Saskatoons are in full bloom, a promise of tasty pies
COFFEE WITH WARREN, with Warren Harbeck
Rick Gelowitz checks out the saskatoon blossoms at his Solstice Berry Farm north of Cochrane in anticipation of great pies to come. Photos by Warren Harbeck
This past weekend I had a foretaste of great pies to come. In fact, I can almost smell them baking and savour them hot-out-of-the-oven served with a scoop of ice cream.
First, however, let me share some of the wonderful responses I’ve received over the past two weeks.
About last week’s column on Water Valley woodworker Rob Brandt and his skill in converting deadwood into fine walking sticks, coffee companion Jeanne Hammer, of Calgary, wrote:
“It never ceases to amaze me how we go on walks, step over and on twigs, branches and tree trunks, and never think a thing about it. Then along comes someone who sees the beauty in all this and turns it into a wonderful piece of art.”
To this Helen Hare, of Oakville, Ont., added:
“Rob Brandt is obviously following in the steps of the one Master, fixing the most broken stuff wonder if he sees himself in that light and the fact that he creates canes or staffs, emulating the Creator who gives all of us the staff that keeps us upright.”
Sometimes we ourselves are the “broken stuff” that needs fixing, as Calgary reader Annette Stanwick noted in her response to my May 26 column on Vietnam War veteran Bruce Riddle and his photography and poetry.
“I was touched deeply by the beautiful photographs you shared, but then as I read what you wrote about Bruce, I wept. His words are so meaningful, his compassion and connection with animals is deep and trusting. He must be a special person,” Annette said.
“He reminds me so much of my brother Soren Cornforth, who was also a Vietnam U.S. Army veteran. He returned from Vietnam a scarred and emotionally wounded man from the unspeakable things he experienced.
“Soren was tough, yet he also had a deep tenderness and wonderful heart, along with a wonderful way with words. He could write beautiful poetry so easily.
“At times he was misunderstood because he reacted quickly and harshly due to the pain of his past. I've met many veterans who have experienced deep wounds, emotional scars and memories that haunt them, longing for peace.”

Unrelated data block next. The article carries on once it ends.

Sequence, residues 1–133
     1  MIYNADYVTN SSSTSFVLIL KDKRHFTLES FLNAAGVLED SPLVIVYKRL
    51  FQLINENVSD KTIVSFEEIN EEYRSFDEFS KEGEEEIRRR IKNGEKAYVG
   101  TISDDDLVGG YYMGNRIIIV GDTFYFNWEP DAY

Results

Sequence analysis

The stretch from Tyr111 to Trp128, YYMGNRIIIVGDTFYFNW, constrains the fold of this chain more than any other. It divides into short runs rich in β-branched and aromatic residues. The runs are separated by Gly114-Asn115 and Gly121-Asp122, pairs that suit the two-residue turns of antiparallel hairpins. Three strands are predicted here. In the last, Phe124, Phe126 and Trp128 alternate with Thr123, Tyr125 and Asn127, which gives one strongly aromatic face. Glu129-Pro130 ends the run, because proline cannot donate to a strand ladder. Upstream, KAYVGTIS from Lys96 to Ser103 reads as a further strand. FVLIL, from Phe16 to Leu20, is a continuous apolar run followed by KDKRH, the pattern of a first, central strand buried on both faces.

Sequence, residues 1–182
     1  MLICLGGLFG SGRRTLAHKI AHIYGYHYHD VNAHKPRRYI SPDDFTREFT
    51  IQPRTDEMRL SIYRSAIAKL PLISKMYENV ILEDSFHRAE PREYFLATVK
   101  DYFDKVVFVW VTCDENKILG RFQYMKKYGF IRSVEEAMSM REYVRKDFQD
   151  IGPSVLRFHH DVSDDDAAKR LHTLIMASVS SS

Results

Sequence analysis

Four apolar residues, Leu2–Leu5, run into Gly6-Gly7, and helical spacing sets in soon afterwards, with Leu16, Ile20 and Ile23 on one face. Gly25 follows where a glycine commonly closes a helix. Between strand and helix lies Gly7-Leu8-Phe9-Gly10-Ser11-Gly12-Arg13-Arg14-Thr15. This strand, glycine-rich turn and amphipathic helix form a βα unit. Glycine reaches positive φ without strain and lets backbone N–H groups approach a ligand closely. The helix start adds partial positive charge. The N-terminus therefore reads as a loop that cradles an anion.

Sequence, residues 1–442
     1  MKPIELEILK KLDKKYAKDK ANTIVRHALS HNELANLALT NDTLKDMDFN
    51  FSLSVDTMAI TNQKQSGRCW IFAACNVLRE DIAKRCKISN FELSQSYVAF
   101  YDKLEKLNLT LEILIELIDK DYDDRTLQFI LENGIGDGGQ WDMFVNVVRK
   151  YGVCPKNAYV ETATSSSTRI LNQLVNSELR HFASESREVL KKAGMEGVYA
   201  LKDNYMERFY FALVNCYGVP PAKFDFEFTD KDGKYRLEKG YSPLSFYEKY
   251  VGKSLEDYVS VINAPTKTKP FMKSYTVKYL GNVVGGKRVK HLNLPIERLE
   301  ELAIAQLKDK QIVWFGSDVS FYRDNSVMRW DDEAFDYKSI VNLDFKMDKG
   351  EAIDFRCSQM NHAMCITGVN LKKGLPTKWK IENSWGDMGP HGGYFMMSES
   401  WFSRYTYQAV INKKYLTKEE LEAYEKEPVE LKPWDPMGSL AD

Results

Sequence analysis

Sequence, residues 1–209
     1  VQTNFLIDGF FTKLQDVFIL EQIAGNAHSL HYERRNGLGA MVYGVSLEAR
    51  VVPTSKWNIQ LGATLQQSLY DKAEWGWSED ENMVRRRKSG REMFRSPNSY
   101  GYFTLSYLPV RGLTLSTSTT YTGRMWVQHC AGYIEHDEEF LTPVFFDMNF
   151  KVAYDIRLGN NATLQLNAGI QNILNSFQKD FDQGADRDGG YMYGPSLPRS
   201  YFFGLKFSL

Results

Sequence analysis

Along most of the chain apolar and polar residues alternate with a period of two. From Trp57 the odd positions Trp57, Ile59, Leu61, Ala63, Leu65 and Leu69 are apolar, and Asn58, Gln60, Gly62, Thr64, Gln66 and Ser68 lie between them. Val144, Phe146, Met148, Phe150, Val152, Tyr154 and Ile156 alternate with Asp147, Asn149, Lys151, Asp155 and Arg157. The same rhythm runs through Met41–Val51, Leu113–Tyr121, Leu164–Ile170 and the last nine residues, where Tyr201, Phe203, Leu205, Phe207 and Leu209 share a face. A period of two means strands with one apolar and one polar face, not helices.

Annette concluded with the hope that she can be of some help to such veterans through her book, Forgiveness: the Mystery and Miracle. The book is an account of the murder of Soren, a long-haul truck driver after his war years, and her journey toward forgiving his murderers. (See my column of July 9, 2008.)
Let me return now to this past weekend and the promise of pies saskatoon berry pies, to be exact.
My wife Mary Anna and I accepted an invitation from Rick and Marsha Gelowitz to visit Solstice Berry Farm, their U-pick operation 20 minutes north of Cochrane near Dogpound. Their saskatoon bushes were in full bloom, Rick told me, and I should bring my camera.
Rick and Marsha have a quarter section planted in this shrub of western North America. At 1,000 bushes per acre, that’s 40,000 bushes, he said.
And come August, that’s a lot of tasty purple berries for making into pies and other treats.
They began planting saskatoons five years ago. Originally growing hay for sale to Japan, they changed crops when the hay price dropped.
“We always loved saskatoons,” Rick said, “so we decided to try growing them.”
The plant’s name, contrary to a common misunderstanding, is not derived from a similarly named town in Saskatchewan, he explained, but from a Cree word for the berry, and therefore is not capitalized.
The self-pollinating bushes are presently a bit more than a metre tall, but in a few years will be more than twice that.
In addition to U-pick, they also do machine harvesting in preparation for freezers and farmers’ markets.
As I surveyed row upon row of the white-blossomed bushes, I determined right then and there that I would be back in two months’ time, pail in hand.
© 2010 Warren Harbeck